Wednesday, March 18, 2009

This is Sonny and I washing dishes in some creek, Might have been in Vermont.
This is Sonny just after he entered the hospital. His hair needs combing. He is not crazy about the checkered dress.

Life is so complicated now. At one time we lived awhile then got sick and died. The family mourned and another person was buried. Now with all the advancements in medical science we live awhile then get sick, there will be a procedure or pill that will extend your life. Then we get sick again, there is another procedure and two more pills to extend our lives.

We are not complaining because other than remembering to take the pills and figuring how to pay for them, life goes on. We get sick again now it takes an operation, maybe a kidney or heart transplant. More pills, many more pills to fight rejection. Now we continue to live but the quality is not too great, but we are alive. Then comes the BIG decisions.

“We can try this procedure, it is not guaranteed to extend your life, and it is very painful and requires many follow ups. Take a few days talk to the family the decision is up to you.” Now you and the family must discuss is it worth it? What is a day of life worth? Also What is a day of suffering worth? Now the decisions are very different, not like the ones early that were not life threatening but life enhancing.

NOW this one is LIFE OR DEATH. How will you handle it? If you have been around fifty or more years you have heard the following statements:

“I know one thing, I will never take Chemo or Radiation all it does is kill you slower, uncle John did it and he was sick until he died.”

“You won’t see me with my hair out! I would rather die first!”

That type of statement goes on and on. NONE of us know exactly what we will do until forced to make the decision. My Florida pastor’s wife told me, “Brother Jack, when I was forced to make that decision, it was possible life or sure death, I chose life.” She is still with us many years later.

Now my buddy Sonny faces that same type of decision. His Doctors say he is not a good candidate for long range dialysis, but without dialysis he has little hope. He will require the procedure three times a week for the rest of his life. When he returns from dialysis he is worn and washed out, HE IS BEAT!

As I sat by the bed Sonny said, “Jack I don’t know whether I will go back or not, this is a big decision.”

I said, “Yeah, buddy the biggest decision you have ever made.” He went to dialysis today, but he says that is the last time, but he will have a day to get over it. Then the mind thinks different.

Are you, or have you ever been a smoker? I found the best time to quit smoking was right after a good meal and right after the cup of coffee and a Marlboro. Just after you have crushed the filter tip cigarette out. That is the best time to quit, you are perfectly satisfied. Throw the rest of the pack away.

Shucks I had quit smoking at least a thousand times. (before I finally did) LOL But then two hours later is the real decision time, you are no longer satisfied. You go back to the trash for those you threw away. Or you look in the ash tray for the longest butt. There are some hard decisions in life, just some are much harder than others.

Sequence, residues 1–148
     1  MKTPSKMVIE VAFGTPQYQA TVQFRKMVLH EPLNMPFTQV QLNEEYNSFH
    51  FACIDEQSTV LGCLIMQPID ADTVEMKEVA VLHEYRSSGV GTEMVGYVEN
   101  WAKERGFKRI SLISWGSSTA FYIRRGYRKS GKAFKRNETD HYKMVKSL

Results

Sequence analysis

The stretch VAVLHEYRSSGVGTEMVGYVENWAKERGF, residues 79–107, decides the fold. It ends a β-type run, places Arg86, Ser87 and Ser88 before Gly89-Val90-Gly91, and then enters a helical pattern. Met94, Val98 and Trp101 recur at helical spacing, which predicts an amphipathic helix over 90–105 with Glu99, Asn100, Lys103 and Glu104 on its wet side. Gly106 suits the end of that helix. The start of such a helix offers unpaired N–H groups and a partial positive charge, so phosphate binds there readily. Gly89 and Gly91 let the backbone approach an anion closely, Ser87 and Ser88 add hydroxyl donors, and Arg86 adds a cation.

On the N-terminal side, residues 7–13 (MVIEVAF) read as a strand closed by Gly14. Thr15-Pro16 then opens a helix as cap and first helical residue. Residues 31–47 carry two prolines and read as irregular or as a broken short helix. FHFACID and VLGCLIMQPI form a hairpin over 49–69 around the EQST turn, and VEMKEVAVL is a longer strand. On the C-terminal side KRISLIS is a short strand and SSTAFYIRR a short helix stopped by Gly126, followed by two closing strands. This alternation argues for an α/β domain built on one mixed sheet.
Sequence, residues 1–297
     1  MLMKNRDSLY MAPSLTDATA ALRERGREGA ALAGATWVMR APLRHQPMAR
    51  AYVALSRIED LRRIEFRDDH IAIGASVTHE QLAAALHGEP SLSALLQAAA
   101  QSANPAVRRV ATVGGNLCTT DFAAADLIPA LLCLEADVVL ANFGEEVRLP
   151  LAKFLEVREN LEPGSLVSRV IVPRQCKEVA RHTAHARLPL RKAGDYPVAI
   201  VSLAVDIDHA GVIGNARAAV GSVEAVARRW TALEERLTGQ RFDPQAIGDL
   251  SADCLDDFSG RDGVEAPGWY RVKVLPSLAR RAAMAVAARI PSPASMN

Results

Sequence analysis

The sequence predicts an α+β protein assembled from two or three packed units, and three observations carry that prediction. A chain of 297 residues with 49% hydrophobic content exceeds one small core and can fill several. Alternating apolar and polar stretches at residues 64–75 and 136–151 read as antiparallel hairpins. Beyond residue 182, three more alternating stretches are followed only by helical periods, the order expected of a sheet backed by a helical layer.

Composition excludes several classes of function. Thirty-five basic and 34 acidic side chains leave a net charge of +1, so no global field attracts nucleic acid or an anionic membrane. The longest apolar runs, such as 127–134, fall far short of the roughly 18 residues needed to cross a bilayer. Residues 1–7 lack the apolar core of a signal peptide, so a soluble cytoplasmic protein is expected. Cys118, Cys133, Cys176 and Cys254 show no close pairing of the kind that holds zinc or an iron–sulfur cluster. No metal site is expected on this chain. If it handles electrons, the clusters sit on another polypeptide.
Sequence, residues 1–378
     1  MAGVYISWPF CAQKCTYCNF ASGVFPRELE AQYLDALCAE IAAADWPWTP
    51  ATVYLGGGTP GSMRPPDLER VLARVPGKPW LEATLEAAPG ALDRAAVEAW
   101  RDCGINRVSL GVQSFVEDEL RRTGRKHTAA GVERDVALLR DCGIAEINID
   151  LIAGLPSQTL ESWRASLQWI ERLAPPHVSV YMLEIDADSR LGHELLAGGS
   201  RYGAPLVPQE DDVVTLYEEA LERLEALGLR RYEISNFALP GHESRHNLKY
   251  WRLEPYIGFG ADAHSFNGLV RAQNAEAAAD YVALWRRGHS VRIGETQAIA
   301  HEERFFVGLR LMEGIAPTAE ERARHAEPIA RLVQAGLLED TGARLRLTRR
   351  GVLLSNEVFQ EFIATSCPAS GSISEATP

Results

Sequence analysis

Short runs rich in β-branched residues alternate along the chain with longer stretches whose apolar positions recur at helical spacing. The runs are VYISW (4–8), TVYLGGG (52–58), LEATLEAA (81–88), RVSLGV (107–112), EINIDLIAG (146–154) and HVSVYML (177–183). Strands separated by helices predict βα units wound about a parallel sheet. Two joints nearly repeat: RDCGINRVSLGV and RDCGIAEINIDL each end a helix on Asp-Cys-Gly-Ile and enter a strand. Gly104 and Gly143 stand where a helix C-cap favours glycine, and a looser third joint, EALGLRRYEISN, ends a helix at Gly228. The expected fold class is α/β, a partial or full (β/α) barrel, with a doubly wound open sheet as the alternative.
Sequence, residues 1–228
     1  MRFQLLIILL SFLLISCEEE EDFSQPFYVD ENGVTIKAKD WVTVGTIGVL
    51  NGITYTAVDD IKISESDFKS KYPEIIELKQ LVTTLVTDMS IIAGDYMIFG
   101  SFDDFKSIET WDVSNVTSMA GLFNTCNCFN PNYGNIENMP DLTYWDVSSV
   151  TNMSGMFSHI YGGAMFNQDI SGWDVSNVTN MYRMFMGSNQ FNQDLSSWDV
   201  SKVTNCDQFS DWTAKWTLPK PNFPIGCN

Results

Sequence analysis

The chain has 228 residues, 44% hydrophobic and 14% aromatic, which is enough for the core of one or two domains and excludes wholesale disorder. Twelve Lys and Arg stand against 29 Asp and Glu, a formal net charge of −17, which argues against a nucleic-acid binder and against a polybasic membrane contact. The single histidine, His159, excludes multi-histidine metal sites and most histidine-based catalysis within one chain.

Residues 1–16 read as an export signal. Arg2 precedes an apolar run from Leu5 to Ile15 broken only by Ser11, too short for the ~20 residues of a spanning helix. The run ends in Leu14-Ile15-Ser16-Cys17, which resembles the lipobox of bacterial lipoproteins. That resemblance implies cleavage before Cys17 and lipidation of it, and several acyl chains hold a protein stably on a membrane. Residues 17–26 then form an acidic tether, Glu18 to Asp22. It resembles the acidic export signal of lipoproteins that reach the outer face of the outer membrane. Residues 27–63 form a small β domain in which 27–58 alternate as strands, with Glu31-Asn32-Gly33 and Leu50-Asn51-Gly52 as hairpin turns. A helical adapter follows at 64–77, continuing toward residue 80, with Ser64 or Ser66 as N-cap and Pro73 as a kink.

Nite Shipslog

My wife has a slight impediment in her speech. Every now and then she stops to breathe. - Jimmy Durante

I have never hated a man enough to give his diamonds back. - Zsa Zsa Gabor

Only Irish coffee provides in a single glass all four essential food groups: alcohol, caffeine, sugar and fat. - Alex Levine


Anonymous said...

I still think I want to live. I want to see my grandchildren grow up. But I might not choose to take some steps just to live. It's a hard choice. I can live without my hair or without my breasts. But if I am just extending a long painfull life I might say no. You never know until you have to make that decision. I know I am not afraid to die.

shirl72 said...

Jack as I go back in time you and I have seen
so many people make this decision. Our brother
Odis begged Jim and I think you to have those tubes unpluged and let him go. Jim never forgot
that plea. When I think of this I am glad I
have a Health Will and I guess that will make
my disision. I wonder how did I get this age
and where did not youth go. I feel like Phil
Harris "If I had know I would have lived this
long I would have taken a hell of a lot better
care of myself". Sad but I am there.


Sheila Y said...

I can only hope things turn around for the better for Sonny. It's hard to believe he was just down there in Florida for your birthday and now he is fighting for his life. I pray he gets well and is free of pain. Take care, Sheila

Terri said...

So so sad...

Hard decisions for sure...

Keeping Sonny and his family and of course you (his friends) in my thoughts and prayers


Debbie said...

None of us know what we'll do until we're faced with those decisions but after seeing Judy suffer the way she did it was a relief when she chose to quit taking treatments. Personally I think quality of life for me would outweigh quantity.

One of my Uncles was told more than a year ago if he didn't take dialysis he only had a few months to live. He's in his 80's and he refused taking those treatments. Ya know he's lived a good long life and has suffered with NHL for several years.

I can understand Sonny saying he wasn't taking anymore dialysis.